Ramesses the Great
I am going to tell you a story today of a child who became a god, and this story is entirely true.
Once upon a long time ago, a baby boy was born. His father and his father’s father served in the godking’s army so loyally and faithfully that the godking himself appointed the boy’s grandfather a position in his court. When the godking died without heirs, his grandfather was elevated to deific status and became the godking of the great kingdom. When his grandfather died, his father was also elevated to godking, and at the age of ten, the boy was named leader of the great kingdom’s vast army. The boy grew into a strong and brave man, heading armies alongside his father and later on his own, until such a time as his father died, passing the mantle of the godking onto him.
The young godking knew that the duty of his station was to carry on the dynasty and make his kingdom the most powerful kingdom in all that land, but more than that, the godking could hear the echoes of future history down the corridor of time. his boy become man become king become god served his role well, keeping many wives and having many children, but it is said that his whole heart belonged to one woman his whole life. She was said to be the most beautiful woman in all the land. He made war on many of the neighboring lands, bringing them under his rule, but his reign ended in peace. But perhaps the most important thing he did to ensure his memory throughout the ages was ordering many great works to be graven in his image throughout his kingdom. In the 66 years of his didactic reign, King Ramesses II changed the width and breadth of the known world with his public works, his conquests, and most noticeably, his image, carved in stone throughout Egypt in perpetuity.
Yeah, okay, cheap storyteller’s trick there, but you clearly read this far! Ramesses II was probably not the original rags to riches story, but he is certainly one of the most meteoric. Everything in the story above is absolutely true: His grandfather and father were military men until his grandfather was granted the position of vizier by Pharaoh Horemheb (who was commander in chief of the armies under Pharaoh’s Tutankamun and Ay, so some measure of precedence set there). It is widely assumed that Horemheb had no children of his own, as the line of succession passed to Ramesses I (grandfather to our guy), and subsequently to Seti I (father of our guy). Tada! A 19th dynasty is born.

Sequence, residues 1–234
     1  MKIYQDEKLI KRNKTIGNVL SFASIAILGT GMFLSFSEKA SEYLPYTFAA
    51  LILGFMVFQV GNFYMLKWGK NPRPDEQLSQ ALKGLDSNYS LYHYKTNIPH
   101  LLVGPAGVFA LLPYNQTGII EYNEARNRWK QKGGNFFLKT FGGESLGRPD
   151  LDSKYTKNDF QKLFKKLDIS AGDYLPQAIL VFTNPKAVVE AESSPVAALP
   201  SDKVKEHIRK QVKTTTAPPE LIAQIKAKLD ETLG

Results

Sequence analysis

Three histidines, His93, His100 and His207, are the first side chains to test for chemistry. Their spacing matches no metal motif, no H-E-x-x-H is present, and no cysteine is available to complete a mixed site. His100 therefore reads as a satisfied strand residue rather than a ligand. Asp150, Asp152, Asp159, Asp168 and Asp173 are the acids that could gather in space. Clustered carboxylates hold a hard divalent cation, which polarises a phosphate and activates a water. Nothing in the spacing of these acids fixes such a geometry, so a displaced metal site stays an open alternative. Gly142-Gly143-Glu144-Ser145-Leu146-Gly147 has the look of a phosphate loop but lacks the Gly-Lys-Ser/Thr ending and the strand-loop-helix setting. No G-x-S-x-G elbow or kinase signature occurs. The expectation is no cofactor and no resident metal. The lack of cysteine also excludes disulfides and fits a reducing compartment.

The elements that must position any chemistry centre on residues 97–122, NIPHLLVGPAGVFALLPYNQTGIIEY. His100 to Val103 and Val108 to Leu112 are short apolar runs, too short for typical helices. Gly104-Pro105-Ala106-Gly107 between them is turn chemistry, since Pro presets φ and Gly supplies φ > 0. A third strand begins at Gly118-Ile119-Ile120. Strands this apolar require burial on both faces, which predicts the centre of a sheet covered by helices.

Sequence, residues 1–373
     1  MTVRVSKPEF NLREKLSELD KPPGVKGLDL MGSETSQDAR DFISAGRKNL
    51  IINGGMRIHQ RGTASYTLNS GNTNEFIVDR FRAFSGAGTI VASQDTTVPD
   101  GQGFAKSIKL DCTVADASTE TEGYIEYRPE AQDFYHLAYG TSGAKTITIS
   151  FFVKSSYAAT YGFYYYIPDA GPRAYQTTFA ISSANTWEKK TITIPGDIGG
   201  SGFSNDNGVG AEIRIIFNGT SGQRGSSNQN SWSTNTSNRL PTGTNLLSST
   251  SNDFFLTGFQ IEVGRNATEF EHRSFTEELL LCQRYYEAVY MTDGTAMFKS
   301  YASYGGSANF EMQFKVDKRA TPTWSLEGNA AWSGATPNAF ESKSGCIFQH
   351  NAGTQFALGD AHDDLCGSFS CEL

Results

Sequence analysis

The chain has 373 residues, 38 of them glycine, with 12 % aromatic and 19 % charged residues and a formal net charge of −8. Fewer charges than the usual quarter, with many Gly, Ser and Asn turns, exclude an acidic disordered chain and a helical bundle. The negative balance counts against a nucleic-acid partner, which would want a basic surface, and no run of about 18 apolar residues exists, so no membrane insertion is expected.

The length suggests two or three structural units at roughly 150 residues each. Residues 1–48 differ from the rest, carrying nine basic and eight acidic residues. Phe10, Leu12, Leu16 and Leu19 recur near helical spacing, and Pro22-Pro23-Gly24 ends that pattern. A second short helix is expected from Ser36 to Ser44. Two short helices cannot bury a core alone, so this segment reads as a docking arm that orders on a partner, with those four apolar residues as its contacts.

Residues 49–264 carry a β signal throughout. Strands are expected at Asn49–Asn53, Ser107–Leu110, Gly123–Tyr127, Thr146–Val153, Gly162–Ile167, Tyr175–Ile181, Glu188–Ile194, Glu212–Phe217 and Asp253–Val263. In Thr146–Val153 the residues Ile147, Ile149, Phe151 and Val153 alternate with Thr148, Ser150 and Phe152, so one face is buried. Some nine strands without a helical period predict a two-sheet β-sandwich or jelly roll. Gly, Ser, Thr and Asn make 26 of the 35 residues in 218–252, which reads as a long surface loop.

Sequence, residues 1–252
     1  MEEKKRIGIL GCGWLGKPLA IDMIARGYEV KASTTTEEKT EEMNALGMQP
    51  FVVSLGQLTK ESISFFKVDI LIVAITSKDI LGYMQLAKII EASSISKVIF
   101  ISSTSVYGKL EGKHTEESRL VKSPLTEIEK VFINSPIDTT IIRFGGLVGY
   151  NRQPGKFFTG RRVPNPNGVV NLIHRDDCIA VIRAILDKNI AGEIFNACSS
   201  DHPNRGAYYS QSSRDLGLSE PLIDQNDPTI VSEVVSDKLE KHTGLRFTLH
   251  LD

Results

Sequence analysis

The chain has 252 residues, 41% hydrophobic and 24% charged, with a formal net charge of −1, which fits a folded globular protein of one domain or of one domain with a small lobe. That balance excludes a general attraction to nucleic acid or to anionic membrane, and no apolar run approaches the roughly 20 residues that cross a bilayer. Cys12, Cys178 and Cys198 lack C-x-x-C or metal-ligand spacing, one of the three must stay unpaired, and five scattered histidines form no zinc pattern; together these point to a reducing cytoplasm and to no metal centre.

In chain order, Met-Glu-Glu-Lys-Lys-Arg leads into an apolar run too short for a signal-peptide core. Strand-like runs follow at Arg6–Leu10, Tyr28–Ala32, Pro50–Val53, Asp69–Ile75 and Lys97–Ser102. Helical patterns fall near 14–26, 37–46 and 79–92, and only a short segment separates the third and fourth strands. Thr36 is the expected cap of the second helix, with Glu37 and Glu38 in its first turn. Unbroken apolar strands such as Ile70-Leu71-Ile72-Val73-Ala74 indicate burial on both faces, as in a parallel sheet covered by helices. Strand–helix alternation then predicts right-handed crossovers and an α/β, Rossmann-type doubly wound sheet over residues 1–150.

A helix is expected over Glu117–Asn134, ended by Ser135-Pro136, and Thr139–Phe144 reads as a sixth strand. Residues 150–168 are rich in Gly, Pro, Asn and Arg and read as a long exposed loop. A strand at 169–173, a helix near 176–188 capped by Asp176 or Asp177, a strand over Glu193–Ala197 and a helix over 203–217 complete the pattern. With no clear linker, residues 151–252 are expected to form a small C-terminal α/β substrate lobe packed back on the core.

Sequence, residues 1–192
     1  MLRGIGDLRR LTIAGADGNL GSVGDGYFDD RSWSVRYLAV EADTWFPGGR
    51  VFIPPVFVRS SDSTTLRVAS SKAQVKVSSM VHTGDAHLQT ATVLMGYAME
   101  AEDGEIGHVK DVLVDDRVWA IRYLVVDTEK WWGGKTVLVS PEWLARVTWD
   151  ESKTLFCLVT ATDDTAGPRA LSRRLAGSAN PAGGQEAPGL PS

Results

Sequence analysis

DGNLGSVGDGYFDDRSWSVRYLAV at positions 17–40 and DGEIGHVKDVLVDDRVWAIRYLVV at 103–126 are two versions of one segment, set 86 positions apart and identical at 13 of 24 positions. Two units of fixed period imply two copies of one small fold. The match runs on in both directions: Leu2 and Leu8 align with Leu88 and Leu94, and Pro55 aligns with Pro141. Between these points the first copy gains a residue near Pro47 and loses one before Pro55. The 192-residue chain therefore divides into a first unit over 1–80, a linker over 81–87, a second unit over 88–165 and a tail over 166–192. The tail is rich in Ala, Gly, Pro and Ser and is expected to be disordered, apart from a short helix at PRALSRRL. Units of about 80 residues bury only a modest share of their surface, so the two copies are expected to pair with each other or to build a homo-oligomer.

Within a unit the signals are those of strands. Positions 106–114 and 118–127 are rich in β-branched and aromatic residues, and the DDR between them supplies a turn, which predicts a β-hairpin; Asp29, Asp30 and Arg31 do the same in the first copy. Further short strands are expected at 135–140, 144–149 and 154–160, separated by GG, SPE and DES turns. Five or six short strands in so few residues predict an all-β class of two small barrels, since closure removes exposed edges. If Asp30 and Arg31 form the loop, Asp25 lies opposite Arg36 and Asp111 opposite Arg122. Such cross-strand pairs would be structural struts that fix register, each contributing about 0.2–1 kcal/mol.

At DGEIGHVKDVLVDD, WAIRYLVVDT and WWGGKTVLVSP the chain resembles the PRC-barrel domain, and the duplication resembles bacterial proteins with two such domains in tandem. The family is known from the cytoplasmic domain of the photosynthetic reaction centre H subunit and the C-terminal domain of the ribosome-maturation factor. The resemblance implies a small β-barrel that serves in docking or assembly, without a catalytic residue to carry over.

Here is the thing. Ramesses II knew his business. The first job of a pharaoh is to maintain the dynasty. Before he was king, he fathered ten sons and many daughters. All told, he had upwards of 90 kids. I mean, when you have 66 years of being king of the world, you can do these things, I guess. He had many wives, but it is long speculated that the love of his life was his first queen, Nefertari. I will probably talk more on her in another post as she deserves a great deal of specific attention, but the bottom line is: This woman was beautiful, intelligent, and – ahem – fertile. Hers is the largest and most grand tomb in the Valley of the Queens, and that is REALLY saying somethng.
Ramesses II is known these days as Ramses the Great, and has been the subject of many articles, books, and movies over the years. He also played a somewhat important role in one of the bestselling books of all time. You know, the Bible?
Ramesses II is supposedly the pharaoh who prompted the Jews’ exodus from Egypt. There isn’t a lot of historical evidence to back this up other than to say 1) a large quantity of Jews left Egypt at some point, and 2) Ramesses II was pharaoh of Egypt at some point, and 3) the Bible tells me so. The Bible as a historical document has proven unreliable at best over the years, but it has gotten a few things right, so perhaps we can give it the benefit of a doubt. If we are counting victories overall though, the scoreboard looks a bit like this: Moses and the Jews: 1. Ramesses II: Dozens.
Photo credit: Wikipedia